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Joseph E. Seagram & Sons, Inc. v. Tax Commission of the City of New York
New York Court of Appeals
200 N.E.2d 447, 251 N.Y.S.2d 460, 14 N.Y.2d 314 (1964)
Joseph E. Seagram & Sons, Inc. (Seagram) (plaintiff) owned a building located at 375 Park Avenue, commonly referred to as the Seagram Building, in New York City. The Seagram Building cost $36,000,000 to build and was used by Seagram as an office and a source of rental income. The Tax Commission of the City of New York (the commission) (defendant) assessed the value of the Seagram Building for property-tax purposes. Seagram challenged the assessment in New York state court, arguing that the value of the Seagram Building should be determined through a capitalization-of-net-income approach by taking into account the rental income Seagram earned from its tenants. The trial court upheld the commission’s assessment. The New York Supreme Court, Appellate Division affirmed the trial court, holding that given the Seagram Building’s unusual structure and the prestige attached to it, the rental value of the property did not accurately reflect the building’s value. Seagram appealed.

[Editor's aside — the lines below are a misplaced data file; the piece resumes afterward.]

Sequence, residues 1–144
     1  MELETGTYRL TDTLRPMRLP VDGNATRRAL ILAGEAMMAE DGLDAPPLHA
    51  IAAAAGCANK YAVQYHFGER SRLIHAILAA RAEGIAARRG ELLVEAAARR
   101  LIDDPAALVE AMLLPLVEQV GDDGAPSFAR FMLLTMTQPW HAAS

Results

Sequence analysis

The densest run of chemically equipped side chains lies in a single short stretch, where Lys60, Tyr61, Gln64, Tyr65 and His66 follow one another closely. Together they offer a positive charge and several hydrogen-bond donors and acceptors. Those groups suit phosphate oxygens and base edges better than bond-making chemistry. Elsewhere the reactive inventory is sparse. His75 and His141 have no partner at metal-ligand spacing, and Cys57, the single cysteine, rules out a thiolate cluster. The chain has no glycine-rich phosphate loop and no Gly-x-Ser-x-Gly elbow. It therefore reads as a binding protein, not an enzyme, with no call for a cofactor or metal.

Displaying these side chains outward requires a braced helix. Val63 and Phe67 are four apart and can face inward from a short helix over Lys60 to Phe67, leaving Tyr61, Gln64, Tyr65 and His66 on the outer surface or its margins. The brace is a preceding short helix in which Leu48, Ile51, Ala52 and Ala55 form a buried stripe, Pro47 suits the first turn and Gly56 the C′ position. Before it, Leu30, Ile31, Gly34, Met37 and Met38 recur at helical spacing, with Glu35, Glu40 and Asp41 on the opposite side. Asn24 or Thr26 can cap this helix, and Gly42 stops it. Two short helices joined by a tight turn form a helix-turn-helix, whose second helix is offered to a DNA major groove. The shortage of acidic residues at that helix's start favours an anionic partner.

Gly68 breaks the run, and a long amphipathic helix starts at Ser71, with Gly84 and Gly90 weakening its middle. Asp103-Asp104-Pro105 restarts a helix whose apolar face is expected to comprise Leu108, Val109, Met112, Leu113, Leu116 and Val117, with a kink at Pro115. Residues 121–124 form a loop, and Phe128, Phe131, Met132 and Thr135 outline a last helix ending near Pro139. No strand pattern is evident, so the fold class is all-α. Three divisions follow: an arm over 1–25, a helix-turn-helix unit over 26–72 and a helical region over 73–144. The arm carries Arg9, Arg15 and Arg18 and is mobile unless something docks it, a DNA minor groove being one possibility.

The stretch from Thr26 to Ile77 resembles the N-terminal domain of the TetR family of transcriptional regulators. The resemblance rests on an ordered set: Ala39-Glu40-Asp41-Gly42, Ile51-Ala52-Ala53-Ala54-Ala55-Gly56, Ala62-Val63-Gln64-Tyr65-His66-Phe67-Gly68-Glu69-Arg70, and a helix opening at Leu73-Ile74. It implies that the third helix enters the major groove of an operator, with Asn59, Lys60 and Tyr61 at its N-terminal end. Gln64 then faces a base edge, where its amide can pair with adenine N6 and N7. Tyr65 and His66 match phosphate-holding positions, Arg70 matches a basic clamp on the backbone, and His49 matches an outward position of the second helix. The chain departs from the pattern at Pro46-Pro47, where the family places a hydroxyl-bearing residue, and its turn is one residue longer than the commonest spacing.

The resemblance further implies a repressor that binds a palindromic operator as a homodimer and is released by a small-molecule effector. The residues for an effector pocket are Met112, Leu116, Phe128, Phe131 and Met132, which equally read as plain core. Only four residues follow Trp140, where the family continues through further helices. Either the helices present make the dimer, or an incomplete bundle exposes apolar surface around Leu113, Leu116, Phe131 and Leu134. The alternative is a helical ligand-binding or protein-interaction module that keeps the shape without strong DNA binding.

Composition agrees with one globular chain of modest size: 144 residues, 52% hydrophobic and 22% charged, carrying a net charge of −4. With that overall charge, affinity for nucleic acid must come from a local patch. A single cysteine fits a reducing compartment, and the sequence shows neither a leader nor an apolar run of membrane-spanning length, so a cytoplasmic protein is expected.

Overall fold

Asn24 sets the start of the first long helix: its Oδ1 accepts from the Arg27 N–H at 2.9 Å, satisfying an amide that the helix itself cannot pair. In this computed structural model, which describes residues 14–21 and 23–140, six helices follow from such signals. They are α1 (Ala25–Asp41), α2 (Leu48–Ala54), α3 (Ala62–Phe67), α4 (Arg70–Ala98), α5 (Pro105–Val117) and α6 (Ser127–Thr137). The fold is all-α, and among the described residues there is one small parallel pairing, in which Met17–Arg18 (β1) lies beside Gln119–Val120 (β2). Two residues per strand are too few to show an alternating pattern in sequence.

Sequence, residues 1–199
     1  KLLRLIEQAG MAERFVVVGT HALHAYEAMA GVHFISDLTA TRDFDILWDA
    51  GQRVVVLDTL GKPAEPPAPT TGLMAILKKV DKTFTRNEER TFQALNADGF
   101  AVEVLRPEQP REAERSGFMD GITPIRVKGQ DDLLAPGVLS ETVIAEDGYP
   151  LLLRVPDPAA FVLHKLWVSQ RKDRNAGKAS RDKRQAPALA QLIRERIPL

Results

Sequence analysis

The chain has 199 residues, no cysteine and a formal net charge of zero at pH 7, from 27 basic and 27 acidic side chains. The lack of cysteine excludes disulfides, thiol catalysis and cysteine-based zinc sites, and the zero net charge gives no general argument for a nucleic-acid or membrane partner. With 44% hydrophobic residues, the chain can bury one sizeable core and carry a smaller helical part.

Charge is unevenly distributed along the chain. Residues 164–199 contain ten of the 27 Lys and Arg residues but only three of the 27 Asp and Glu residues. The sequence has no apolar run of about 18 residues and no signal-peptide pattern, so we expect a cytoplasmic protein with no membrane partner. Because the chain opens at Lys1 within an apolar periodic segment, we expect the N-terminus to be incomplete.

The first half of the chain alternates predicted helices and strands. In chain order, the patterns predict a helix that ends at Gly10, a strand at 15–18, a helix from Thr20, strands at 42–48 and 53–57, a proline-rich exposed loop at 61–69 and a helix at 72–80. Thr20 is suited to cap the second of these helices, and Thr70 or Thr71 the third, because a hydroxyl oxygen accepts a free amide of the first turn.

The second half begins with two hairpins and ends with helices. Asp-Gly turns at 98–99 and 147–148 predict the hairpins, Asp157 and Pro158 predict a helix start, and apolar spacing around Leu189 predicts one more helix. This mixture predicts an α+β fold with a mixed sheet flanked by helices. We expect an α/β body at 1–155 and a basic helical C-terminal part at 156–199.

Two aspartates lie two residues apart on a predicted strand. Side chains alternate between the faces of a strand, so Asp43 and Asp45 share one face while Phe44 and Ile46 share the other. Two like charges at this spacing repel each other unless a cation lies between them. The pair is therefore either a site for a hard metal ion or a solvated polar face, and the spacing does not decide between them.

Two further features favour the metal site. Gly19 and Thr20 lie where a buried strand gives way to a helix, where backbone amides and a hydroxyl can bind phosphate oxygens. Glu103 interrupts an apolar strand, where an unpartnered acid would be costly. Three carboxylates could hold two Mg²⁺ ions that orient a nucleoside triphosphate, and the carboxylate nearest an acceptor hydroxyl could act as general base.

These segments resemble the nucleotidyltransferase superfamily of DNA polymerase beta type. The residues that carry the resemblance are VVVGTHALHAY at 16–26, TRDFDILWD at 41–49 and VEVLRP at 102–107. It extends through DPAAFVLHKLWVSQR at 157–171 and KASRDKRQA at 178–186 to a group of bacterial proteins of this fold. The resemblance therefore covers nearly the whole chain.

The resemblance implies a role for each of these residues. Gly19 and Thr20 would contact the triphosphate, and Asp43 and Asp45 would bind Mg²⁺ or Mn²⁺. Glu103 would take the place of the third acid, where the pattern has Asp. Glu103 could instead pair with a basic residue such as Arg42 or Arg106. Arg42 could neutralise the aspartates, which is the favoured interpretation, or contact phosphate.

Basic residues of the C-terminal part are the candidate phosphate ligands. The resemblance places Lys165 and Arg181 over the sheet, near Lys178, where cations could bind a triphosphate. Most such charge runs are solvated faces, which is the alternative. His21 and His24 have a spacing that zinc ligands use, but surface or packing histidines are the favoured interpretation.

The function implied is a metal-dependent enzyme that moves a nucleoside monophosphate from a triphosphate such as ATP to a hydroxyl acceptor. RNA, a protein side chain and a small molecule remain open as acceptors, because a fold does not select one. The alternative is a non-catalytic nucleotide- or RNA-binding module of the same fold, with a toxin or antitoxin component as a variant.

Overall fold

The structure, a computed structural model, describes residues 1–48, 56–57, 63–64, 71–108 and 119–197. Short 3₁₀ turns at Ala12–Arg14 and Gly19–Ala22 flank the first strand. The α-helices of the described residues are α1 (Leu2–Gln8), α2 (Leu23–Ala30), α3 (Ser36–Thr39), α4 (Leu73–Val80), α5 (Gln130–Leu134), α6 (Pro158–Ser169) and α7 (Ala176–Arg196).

Rule of Law
Holding and Reasoning (Desmond, C.J.)
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